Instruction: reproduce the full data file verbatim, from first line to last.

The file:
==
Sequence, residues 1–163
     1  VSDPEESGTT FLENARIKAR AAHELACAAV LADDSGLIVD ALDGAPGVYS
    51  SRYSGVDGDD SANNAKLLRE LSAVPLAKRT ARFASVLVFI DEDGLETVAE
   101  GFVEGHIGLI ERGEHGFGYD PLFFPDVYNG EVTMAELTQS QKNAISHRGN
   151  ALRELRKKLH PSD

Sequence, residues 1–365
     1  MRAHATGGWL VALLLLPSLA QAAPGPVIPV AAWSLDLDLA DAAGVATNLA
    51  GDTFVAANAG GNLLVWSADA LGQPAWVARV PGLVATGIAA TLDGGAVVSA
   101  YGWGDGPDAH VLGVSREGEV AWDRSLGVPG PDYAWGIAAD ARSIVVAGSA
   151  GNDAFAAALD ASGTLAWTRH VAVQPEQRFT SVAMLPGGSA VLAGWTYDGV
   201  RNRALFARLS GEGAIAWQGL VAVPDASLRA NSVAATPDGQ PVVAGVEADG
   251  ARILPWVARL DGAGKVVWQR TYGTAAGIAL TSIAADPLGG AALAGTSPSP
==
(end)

Sequence, residues 1–163
     1  VSDPEESGTT FLENARIKAR AAHELACAAV LADDSGLIVD ALDGAPGVYS
    51  SRYSGVDGDD SANNAKLLRE LSAVPLAKRT ARFASVLVFI DEDGLETVAE
   101  GFVEGHIGLI ERGEHGFGYD PLFFPDVYNG EVTMAELTQS QKNAISHRGN
   151  ALRELRKKLH PSD

Sequence, residues 1–365
     1  MRAHATGGWL VALLLLPSLA QAAPGPVIPV AAWSLDLDLA DAAGVATNLA
    51  GDTFVAANAG GNLLVWSADA LGQPAWVARV PGLVATGIAA TLDGGAVVSA
   101  YGWGDGPDAH VLGVSREGEV AWDRSLGVPG PDYAWGIAAD ARSIVVAGSA
   151  GNDAFAAALD ASGTLAWTRH VAVQPEQRFT SVAMLPGGSA VLAGWTYDGV
   201  RNRALFARLS GEGAIAWQGL VAVPDASLRA NSVAATPDGQ PVVAGVEADG
   251  ARILPWVARL DGAGKVVWQR TYGTAAGIAL TSIAADPLGG AALAGTSPSP